All three people aboard survived when two small planes collided mid-air on Tuesday, with one safely landing at a nearby airstrip and the other going down in Commencement Bay, authorities said.
Boaters recovered two people from the water, and neither was seriously injured. They were described as a man and his mother, who was in her 70s.
The cause of the collision about 12:30 p.m. was under investigation.
The pilot of the single-engine American Champion that ditched in Commencement Bay flew out of a downward spiral and made a relatively soft landing on the water, Tacoma Police Detective Thomas Williams said.
"The pilot did good. No one appears to be really hurt. They lost some property. We can always replace property," Williams said.
The other plane, a single-engine Cessna 182, landed at Thun Field in Puyallup, about 10 miles southeast of Tacoma, with damage to the housing of one of its landing gears, Federal Aviation Administration spokesman Allen Kenitzer said.
The pilot of that plane, Bud Williams, said he was flying home to the Port Angeles area when the planes clipped.
"Came out of my right side, which is out of my blind spot, and I just had a chance to pull up before we hit," Bud Williams told KOMO-TV. "It was quite a hard hit. My first reaction was, 'Where's the other plane?"'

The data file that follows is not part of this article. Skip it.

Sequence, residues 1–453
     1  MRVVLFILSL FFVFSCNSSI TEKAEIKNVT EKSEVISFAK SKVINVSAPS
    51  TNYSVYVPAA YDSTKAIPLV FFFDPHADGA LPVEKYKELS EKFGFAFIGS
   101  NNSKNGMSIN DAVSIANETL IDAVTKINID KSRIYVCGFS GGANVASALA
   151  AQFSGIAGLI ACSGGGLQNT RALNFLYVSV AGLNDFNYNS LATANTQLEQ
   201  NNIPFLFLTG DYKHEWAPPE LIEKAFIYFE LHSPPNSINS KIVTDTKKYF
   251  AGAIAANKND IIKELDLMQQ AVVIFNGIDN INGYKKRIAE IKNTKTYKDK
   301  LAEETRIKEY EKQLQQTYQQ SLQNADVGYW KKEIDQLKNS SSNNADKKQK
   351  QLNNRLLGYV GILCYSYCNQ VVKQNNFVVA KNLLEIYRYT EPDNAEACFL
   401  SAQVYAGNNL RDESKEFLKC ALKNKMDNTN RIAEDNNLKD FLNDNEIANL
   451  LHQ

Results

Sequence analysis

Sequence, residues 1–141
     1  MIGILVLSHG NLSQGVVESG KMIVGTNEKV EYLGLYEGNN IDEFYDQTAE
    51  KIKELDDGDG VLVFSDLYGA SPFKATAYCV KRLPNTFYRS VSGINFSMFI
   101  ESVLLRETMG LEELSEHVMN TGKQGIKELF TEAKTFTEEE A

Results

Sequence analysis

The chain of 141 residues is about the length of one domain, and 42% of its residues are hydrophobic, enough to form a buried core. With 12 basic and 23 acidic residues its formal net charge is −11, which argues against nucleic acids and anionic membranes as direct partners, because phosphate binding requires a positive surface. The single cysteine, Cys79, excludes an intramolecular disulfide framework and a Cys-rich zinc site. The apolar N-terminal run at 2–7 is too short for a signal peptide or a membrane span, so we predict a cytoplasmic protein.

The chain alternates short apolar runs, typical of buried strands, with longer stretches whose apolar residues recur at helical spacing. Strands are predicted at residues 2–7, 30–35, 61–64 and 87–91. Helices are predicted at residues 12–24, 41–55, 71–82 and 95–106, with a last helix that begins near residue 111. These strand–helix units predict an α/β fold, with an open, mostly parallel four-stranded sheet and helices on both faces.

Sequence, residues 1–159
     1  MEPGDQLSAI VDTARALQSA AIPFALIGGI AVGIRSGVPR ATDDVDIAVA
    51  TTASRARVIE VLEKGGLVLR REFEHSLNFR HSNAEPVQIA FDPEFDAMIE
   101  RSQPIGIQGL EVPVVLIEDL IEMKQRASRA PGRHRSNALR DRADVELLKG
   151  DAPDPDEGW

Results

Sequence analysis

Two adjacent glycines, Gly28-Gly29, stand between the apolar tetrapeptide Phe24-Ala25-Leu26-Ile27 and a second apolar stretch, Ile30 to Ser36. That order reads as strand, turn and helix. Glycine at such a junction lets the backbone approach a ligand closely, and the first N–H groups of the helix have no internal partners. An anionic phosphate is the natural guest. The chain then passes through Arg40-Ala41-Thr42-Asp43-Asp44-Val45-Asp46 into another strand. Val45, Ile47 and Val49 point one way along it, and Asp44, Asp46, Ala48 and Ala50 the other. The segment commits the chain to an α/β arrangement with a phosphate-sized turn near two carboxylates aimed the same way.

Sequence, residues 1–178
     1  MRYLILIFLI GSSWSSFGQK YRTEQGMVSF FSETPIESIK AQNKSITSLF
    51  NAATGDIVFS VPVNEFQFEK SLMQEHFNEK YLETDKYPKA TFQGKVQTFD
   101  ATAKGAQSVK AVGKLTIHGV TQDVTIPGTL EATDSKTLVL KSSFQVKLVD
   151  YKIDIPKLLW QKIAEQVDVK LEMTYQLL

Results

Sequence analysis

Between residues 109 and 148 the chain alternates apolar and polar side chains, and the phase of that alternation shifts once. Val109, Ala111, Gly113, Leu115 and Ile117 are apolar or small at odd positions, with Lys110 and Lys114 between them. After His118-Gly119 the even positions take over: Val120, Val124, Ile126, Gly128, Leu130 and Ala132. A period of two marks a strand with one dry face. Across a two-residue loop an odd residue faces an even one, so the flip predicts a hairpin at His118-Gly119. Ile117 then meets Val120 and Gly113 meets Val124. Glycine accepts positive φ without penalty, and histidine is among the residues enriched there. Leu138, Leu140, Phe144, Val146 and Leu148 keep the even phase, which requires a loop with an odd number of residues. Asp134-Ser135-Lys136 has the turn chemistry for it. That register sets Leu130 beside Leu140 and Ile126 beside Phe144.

He said he saw the other plane spiraling toward the water after the impact.
Bud Williams, who said he's been flying for about four years, was the only one on board his aircraft and was not injured.
The identities of the mother and son aboard the downed plane were not released by a local hospital, but both reportedly were OK.
The pilot of that plane was taking his mother to nearby Gig Harbor for lunch when the collision occurred over the bay that sits west of Tacoma's port, Thomas Williams said.
After landing, the man and woman climbed out of the plane and hung on until it started sinking. They were quickly rescued by a passing boat. Thomas Williams said the plane sank in 400 feet of water less than a mile off the shore of Tacoma's Ruston Way.
Coast Guard and police boats patrolled the area of Commencement Bay where the plane went down looking for debris, but no oil or fuel was found leaking from the plane Tuesday afternoon, Thomas Williams said.